KEI Comments to CMS Regarding Imbruvica (INN:Ibrutinib) R&D (regarding Medicare pricing negotiations)

On October 2, 2023, Knowledge Ecology International submitted written comments to the Centers for Medicare & Medicaid Services (CMS) in conjunction with the Medicare Price Negotiation public consultation process. CMS is hosting a series of patient-focused listening sessions this fall, broken out by each individual drug CMS is seeking to negotiate in the first round of the program. KEI submitted two sets of written comments focused on Ibrutinib, a cancer treatment marketed by AbbVie and J&J as Imbruvica.

One comment was written by Arianna Schouten and discusses the preclinical development of Imbruvica, and includes this comment:

The preclinical research that led to the development and FDA approval of Imbruvica/Ibrutinib benefited from studies and research by companies now owned by the drug sponsors (AbbVie and Johnson&Johnson), as well as independent research funded by the US National Institutes of Health (NIH), the German government, the European Union, the Cancer Prevention and Research Institute of Texas, the CLL Global Research Foundation, the Leukemia & Lymphoma Society, the Howard Hughes Medical Institute, and the D Warren Brown Foundation.

These comments are available as KEI Briefing Note 2023:4.

A second comment reports on the clinical studies supporting Imbruvica’s initial and subsequent FDA approvals, as well as the pediatric studies requested by FDA to extend the Imbruvica patent and regulatory exclusivities, the subsidies provided by the U.S. Orphan Drug Act and the breakdown of listed funders of studies in the NIH database ClinicalTrials.Gov. The comments are available as KEI Briefing Note 2023:3. Among the findings:

  • The Orphan Drug Act tax credit provided a significant subsidy for the development of the Imbruvica. The FDA granted 14 Orphan designations for Imbruvica including eight indications that have received FDA approval. The credit was equal to 50 percent of qualifying expenditures through the end of 2017 and 25 percent thereafter.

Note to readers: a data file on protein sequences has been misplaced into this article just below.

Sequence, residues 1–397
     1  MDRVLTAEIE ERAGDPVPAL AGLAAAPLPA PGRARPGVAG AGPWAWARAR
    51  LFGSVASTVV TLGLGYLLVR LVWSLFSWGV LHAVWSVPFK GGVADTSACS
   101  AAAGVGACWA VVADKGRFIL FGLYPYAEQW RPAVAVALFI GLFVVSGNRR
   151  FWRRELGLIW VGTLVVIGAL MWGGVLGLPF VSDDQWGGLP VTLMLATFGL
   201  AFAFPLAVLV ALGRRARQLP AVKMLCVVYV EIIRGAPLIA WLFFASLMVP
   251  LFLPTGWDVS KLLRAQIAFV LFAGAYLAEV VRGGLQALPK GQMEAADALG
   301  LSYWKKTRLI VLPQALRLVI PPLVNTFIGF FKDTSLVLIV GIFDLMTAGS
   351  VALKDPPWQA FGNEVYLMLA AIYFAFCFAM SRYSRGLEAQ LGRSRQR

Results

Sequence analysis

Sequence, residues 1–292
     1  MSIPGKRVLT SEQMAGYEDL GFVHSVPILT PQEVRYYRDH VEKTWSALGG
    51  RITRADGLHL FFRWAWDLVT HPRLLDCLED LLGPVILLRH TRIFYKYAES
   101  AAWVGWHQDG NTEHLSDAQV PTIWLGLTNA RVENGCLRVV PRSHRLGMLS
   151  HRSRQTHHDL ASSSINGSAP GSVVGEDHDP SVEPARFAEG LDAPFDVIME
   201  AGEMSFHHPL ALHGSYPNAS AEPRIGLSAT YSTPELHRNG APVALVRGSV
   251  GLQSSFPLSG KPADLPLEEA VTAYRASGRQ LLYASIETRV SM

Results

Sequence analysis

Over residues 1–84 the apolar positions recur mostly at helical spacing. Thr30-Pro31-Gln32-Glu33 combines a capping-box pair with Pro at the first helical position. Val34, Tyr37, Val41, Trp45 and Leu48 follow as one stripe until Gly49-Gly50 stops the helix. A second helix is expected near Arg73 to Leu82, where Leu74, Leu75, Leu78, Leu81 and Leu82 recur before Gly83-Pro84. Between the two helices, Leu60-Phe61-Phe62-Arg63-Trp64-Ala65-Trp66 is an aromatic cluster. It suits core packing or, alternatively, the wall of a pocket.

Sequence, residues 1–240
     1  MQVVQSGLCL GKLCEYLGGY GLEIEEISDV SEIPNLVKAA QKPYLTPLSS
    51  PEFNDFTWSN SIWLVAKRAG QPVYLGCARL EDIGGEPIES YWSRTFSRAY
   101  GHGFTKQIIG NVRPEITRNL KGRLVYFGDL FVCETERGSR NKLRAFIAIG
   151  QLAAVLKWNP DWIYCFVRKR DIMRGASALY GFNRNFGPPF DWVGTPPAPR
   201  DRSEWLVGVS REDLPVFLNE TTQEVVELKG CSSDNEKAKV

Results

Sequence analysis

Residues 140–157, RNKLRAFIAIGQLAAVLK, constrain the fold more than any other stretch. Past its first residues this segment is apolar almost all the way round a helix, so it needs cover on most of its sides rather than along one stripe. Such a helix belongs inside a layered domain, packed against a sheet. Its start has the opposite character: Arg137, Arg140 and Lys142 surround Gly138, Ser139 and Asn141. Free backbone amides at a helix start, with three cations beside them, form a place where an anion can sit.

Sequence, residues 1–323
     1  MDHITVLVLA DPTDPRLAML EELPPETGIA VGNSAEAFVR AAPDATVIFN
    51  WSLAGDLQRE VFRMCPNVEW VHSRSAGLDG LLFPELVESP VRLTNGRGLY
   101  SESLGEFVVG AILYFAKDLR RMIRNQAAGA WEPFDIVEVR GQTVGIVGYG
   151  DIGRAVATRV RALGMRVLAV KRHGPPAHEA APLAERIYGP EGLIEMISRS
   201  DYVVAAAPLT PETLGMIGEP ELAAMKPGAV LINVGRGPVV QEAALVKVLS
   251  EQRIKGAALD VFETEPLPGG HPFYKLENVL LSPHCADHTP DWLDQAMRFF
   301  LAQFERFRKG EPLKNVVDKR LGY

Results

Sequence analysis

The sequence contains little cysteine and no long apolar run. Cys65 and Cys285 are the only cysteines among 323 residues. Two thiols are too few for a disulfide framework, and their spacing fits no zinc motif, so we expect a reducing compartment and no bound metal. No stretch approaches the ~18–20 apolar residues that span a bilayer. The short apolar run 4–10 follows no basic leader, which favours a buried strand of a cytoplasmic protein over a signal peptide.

• The 2009 Affordable Care Act (ACA) requires most health plans to pay routine care costs for patients who participate in clinical trials to prevent, detect or treat cancer and other life-threatening conditions.
  • The NIH ClinicalTrials.Gov database lists companies owned by AbbVie or J&J as the sponsor and funder of 21 percent of all trials involving Imbruvica. The NIH is identified as one of the funders of Imbruvica trials 17 percent of the time. The largest funder of trials for Imbruvica is “other.”

The briefing note also discussed the pediatric studies requested by FDA to extend the Imbruvica patent and regulatory exclusivities.

On August 8, 2022, the FDA made a request to Pharmacyclics LLC (a company now owned by AbbVie), to undertake three small studies of Imbruvica on pediatric populations. The request was made under 21 U.S. Code § 355a – Pediatric studies of drugs, and grants a six month extension of the Imbruvica patent and regulatory exclusivities, imposing significant costs on the public.

The requested enrollment for the studies was . . . just 100 patients total. The cost to the public for the three studies with as few as 100 patients is expected to be massive. The 2021 Medicare and Medicaid outlays on Imbruvica were $3.2 billion and the U.S. expenditures on the drug by other payers was also substantial.